“China overtook the US as the EU’s largest trading partner last year and it’s also in the middle of finalising a comprehensive investment and trade agreement – one that was hard won and discussed over many years – and this really does throw that into question,” she said.
China at first denied the existence of the camps for detaining Uighurs, a mostly Muslim minority, in Xinjiang but has since described them as vocational skills training centres to reeducate those exposed to radical thinking.
Critics have said inmates at the network of facilities have been subjected to arbitrary detentions, forced labour, torture and forced sterilisations, among human rights violations.
Beijing insists its “security crackdown” in the region has quelled anti-government violence.
Timing of sanctions
The UK said the sanctions on Chinese officials were a measure of the “industrial-scale abuses” against the Uighur minority.
UK Foreign Secretary Dominic Raab told Parliament that the travel bans and asset freezes against Communist Party officials in the region showed the international community would “not turn a blind eye” to the alleged abuses.
“However, the White House is saying that these sanctions are not necessarily a reaction to those talks in Alaska,” Elizondo said.
He said the coordinated sanctions send a message to Beijing that Joe Biden’s administration will be taking a more multilateral approach to diplomacy than former President Donald Trump.
“This is also significant because it’s the first actions taken by the US under the new Biden administration. However, with that said, these sanctions are a little bit symbolic.”
Myanmar military chief targeted over coup
The EU action was part of a series of measures directed against alleged human right abusers across the world.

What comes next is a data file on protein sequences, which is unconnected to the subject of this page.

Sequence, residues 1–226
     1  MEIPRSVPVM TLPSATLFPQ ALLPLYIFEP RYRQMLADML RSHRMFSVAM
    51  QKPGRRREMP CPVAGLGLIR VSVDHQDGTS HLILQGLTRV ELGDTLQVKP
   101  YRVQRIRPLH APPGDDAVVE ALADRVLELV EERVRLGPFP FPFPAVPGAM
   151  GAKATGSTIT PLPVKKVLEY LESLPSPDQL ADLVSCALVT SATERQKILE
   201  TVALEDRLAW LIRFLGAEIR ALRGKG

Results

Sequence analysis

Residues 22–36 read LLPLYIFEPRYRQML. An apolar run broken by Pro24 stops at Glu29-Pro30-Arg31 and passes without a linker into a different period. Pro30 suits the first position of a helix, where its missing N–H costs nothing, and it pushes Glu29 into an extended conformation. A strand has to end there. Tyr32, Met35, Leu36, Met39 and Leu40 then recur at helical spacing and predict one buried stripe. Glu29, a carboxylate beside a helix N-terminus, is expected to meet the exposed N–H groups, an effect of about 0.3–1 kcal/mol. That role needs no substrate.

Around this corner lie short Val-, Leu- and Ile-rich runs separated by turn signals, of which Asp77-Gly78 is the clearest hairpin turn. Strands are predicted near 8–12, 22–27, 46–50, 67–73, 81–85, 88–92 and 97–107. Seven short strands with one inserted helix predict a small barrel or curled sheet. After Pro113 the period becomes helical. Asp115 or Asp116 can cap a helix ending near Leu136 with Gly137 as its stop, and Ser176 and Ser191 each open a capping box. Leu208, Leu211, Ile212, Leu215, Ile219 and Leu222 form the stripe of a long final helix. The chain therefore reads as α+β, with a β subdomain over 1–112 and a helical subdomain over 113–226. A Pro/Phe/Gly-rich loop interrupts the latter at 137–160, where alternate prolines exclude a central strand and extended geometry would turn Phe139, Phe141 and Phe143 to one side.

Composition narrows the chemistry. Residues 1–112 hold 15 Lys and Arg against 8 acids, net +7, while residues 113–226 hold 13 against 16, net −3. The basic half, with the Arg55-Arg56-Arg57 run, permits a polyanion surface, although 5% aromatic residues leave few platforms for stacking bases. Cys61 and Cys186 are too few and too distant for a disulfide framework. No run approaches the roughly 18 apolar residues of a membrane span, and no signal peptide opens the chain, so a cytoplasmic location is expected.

Myanmar army chief Min Aung Hlaing was among 11 officials subjected to an assets freeze and visa ban in the wake of the coup and subsequent crackdown on demonstrators in the country, the bloc’s official journal said.
Min Aung Hlaing led the coup against the elected government of Aung San Suu Kyi on February 1 and is accused of undermining democracy and the rule of law in Myanmar.
The EU said that the army chief was “directly responsible” for the brutal crackdown against anti-coup protesters.
The listings represent the EU’s first punitive measures for the coup, and campaigners said that while the move – however belated – was welcome, there needed to be action against the military’s sprawling business empire.
“While Global Witness welcomes the EU’s commitment to ensuring that its response to the coup does not have an adverse effect on the general population, failing to sanction the military’s businesses will have the opposite effect,” Paul Donowitz, Myanmar campaign leader at Global Witness said in a statement.
“The military’s businesses fund human rights abuses against the same civilians the EU claims to want to protect. The EU needs to target the economic interests of the military by imposing sanctions on all the companies that generate revenue for and provide support to the military,” added Donowitz.
New sanction system takes effect
In other measures, the bloc also rolled out sanctions for alleged repression in North Korea, as well as “extrajudicial killings and enforced disappearances in Libya, torture and repression against LGBTI people and political opponents in Chechnya in Russia, and torture, extrajudicial, summary or arbitrary executions and killings in South Sudan and Eritrea”, an official statement said.
The moves came as part of the EU’s new sanction system aimed at punishing human rights abuses by targeting people regardless of their nationality or their location.
The system is similar to the Magnitsky Act – legislation passed by former US President Barack Obama that authorises Washington to sanction those it sees as human rights offenders, freeze their assets and ban them from entering the country.
The new human rights regime follows the establishment of two similar EU mechanisms – targeting the use of chemical weapons and attacks on computer networks – launched in the past few years.
Source: Al Jazeera